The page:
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Microsatellite genotype matches of eastern Australian humpback whales to area V feeding and breeding grounds
International Whaling Committee, Scientific Committee Meeting, SC/62/SH7
  • Megan Anderson, Southern Cross University
  • D Steel, Oregon State University
  • Wally Franklin, Southern Cross University
  • Trish Franklin, Southern Cross University
  • D Paton, Blue Planet Marine
  • Daniel Burns, Southern Cross University
  • Peter Harrison, Southern Cross University
  • Peter R Baverstock, Southern Cross University
  • C Garrigue, Operation Cetaces
  • C Olavarria, Fundacion Centro de Estudios del Cuaternario (CEQUA)
  • M Poole, Centre de Recherches Insulaires et Observatoire de l'Environnement
  • N Hauser, Cook Islands Whale Research
  • R Constantine, University of Auckland
  • D Thiele, Deakin University
  • P Clapham, AFSC/National Marine Mammal Lab
  • M Donoghue, AFSC/National Marine Mammal Lab
  • C S Baker, Oregon State University
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Recent mitochondrial DNA analyses have determined Eastern Australian humpback whales to be one of 3 distinct sub-stocks within IWC BS-E. Using microsatellite genotypes (up to 12 microsatellite loci, mtDNA sequence data and molecular sex identification) from Eastern Australia (n=734 unique individuals), South Pacific Islands (Oceania, n=1086 unique individuals) and Antarctic feeding Areas I-VI (n=175 unique individuals), we detected migratory interchange between humpback whales in Eastern Australia and New Caledonia (n=11) and Eastern Australia and Tonga (n=1). Migratory interchange was also detected between Eastern Australia and summer feeding grounds in Antarctic Area V (n=3). There were no whales from Eastern Australia detected to move outside the boundaries of Area V (130°E-170°W). Given that the IUCN has listed the humpback whales from Oceania as endangered, these results have implications for the management of humpback whales in Eastern Australia and Oceania (Areas V and VI), because individuals from different Breeding sub-stocks appear to be mixing on both the breeding and feeding grounds. Additionally, this study shows that a technique used to make microsatellite genotypes directly comparable between research groups is useful for conducting large-scale genotype matching for investigating migratory interchange of humpback whales.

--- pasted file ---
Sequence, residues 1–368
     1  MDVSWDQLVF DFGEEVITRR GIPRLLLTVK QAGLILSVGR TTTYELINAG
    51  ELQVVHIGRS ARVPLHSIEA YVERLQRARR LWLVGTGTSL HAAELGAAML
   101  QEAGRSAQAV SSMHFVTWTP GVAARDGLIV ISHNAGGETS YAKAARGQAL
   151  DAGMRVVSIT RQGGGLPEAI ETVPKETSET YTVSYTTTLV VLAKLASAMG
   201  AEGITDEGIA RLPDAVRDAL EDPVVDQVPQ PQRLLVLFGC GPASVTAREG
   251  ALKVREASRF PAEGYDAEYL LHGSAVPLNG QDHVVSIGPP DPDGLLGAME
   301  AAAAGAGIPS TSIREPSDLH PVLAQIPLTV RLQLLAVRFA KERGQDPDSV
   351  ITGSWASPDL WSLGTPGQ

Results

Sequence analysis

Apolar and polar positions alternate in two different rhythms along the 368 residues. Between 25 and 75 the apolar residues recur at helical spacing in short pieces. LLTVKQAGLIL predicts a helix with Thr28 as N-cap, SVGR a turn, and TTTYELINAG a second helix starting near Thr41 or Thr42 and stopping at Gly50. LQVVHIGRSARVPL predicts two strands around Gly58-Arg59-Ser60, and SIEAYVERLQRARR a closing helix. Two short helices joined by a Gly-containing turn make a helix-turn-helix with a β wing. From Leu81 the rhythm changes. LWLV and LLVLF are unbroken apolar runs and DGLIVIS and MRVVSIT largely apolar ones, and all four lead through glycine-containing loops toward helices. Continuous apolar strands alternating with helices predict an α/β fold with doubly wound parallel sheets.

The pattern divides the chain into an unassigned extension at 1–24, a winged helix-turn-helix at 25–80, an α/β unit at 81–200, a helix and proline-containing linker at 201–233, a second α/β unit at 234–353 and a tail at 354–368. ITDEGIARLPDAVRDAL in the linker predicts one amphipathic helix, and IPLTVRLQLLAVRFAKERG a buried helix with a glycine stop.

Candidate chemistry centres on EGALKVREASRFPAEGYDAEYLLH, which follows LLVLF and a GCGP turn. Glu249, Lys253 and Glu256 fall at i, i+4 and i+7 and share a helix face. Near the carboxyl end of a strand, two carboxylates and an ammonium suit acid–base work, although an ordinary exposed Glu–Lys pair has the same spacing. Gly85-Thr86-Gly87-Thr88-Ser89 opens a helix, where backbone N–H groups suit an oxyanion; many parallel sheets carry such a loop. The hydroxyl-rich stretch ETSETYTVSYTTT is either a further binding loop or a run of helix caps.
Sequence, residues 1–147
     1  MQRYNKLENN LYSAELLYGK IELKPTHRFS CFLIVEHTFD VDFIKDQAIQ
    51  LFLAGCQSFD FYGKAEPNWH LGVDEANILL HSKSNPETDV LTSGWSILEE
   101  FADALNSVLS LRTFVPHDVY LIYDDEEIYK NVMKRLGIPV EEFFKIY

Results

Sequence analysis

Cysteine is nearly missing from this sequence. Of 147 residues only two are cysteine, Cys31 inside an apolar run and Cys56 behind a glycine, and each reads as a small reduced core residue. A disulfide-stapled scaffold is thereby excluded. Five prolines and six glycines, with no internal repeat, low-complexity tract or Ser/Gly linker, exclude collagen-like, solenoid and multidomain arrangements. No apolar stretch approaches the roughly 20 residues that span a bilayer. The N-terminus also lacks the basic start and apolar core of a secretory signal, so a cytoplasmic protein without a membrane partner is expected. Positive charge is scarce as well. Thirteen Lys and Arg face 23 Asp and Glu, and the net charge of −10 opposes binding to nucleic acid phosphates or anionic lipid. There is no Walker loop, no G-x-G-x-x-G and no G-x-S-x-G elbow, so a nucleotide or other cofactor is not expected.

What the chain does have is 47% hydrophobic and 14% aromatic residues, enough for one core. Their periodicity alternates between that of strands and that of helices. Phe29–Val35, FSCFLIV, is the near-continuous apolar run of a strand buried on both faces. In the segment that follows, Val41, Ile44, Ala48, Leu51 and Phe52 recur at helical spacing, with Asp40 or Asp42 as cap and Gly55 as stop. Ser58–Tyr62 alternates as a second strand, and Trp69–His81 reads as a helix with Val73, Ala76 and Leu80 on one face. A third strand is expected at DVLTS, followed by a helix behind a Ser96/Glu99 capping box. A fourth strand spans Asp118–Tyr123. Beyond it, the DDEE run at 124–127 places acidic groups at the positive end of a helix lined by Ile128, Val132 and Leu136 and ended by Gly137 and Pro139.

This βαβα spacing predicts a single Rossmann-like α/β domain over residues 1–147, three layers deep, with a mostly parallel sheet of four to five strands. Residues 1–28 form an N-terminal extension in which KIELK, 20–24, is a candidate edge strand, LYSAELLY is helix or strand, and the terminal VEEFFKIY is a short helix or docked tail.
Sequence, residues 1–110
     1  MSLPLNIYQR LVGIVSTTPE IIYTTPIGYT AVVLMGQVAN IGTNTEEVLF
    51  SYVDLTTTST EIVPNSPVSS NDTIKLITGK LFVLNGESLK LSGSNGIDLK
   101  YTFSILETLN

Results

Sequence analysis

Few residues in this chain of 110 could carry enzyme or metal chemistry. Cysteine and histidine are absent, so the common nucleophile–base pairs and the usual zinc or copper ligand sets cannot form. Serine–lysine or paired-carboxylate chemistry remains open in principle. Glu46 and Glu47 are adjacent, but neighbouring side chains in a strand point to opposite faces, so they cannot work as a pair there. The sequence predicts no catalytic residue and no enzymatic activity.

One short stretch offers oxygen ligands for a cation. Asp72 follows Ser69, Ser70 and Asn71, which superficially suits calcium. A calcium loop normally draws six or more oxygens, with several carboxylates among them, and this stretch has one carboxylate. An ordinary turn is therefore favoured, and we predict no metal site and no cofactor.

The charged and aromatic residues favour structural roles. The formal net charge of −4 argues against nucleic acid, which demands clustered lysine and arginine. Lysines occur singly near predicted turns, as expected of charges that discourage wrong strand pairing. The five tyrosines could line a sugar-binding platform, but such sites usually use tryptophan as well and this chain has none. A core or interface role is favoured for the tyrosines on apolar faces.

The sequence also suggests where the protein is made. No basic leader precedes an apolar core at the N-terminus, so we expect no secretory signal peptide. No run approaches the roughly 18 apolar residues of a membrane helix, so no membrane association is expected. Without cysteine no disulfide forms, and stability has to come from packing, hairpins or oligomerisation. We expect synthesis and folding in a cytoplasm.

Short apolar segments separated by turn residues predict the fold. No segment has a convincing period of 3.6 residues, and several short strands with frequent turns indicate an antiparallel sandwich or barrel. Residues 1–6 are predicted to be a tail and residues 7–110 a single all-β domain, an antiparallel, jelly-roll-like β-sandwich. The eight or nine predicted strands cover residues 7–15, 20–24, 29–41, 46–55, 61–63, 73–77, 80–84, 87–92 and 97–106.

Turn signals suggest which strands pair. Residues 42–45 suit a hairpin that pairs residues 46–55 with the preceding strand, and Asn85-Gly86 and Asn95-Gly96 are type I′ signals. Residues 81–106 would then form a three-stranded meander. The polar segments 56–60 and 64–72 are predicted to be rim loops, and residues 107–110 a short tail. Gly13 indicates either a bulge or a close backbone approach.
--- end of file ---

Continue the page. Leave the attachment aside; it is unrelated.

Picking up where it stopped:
Citation Information

Anderson, M, Steel, D, Franklin, W, Franklin, T, Paton, D, Burns, D, Harrison, P, Bravestock, PR, Garrigue, C Olavarria, C, Poole, M, Hauser, N, Constantine, R, Thiele, D, Clapham, P, Donoghue, M & Baker, CS 2010, 'Microsatellite genotype matches of eastern Australian humpback whales to Area V feeding and breeding grounds', unpublished report for consideration by the Scientific Committee of the International Whaling Committee, SC/62/SH7, Agadir, Morocco, 30th May-11th June.

Article available on Open Access